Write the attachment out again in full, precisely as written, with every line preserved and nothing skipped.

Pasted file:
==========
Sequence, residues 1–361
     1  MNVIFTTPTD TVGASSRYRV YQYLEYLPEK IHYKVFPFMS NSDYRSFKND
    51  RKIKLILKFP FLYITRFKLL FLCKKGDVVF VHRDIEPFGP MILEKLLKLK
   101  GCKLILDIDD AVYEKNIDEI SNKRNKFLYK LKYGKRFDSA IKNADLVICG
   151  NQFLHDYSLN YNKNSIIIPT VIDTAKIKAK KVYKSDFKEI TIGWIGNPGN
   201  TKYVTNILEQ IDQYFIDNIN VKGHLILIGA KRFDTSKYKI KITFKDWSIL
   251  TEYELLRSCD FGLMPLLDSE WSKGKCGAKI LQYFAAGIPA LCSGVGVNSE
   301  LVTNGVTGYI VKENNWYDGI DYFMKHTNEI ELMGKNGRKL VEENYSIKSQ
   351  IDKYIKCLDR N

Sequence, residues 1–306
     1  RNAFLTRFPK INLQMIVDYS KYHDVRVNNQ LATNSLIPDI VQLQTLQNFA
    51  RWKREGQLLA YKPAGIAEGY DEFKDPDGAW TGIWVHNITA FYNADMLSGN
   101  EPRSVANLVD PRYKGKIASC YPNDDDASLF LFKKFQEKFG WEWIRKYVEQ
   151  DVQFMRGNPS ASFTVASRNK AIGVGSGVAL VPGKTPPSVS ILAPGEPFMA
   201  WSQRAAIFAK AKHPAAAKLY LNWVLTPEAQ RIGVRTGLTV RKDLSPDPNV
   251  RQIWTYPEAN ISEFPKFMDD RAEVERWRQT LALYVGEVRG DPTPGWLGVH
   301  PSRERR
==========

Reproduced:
Sequence, residues 1–361
     1  MNVIFTTPTD TVGASSRYRV YQYLEYLPEK IHYKVFPFMS NSDYRSFKND
    51  RKIKLILKFP FLYITRFKLL FLCKKGDVVF VHRDIEPFGP MILEKLLKLK
   101  GCKLILDIDD AVYEKNIDEI SNKRNKFLYK LKYGKRFDSA IKNADLVICG
   151  NQFLHDYSLN YNKNSIIIPT VIDTAKIKAK KVYKSDFKEI TIGWIGNPGN
   201  TKYVTNILEQ IDQYFIDNIN VKGHLILIGA KRFDTSKYKI KITFKDWSIL
   251  TEYELLRSCD FGLMPLLDSE WSKGKCGAKI LQYFAAGIPA LCSGVGVNSE
   301  LVTNGVTGYI VKENNWYDGI DYFMKHTNEI ELMGKNGRKL VEENYSIKSQ
   351  IDKYIKCLDR N

Sequence, residues 1–306
     1  RNAFLTRFPK INLQMIVDYS KYHDVRVNNQ LATNSLIPDI VQLQTLQNFA
    51  RWKREGQLLA YKPAGIAEGY DEFKDPDGAW TGIWVHNITA FYNADMLSGN
   101  EPRSVANLVD PRYKGKIASC YPNDDDASLF LFKKFQEKFG WEWIRKYVEQ
   151  DVQFMRGNPS ASFTVASRNK AIGVGSGVAL VPGKTPPSVS ILAPGEPFMA
   201  WSQRAAIFAK AKHPAAAKLY LNWVLTPEAQ RIGVRTGLTV RKDLSPDPNV
   251  RQIWTYPEAN ISEFPKFMDD RAEVERWRQT LALYVGEVRG DPTPGWLGVH
   301  PSRERR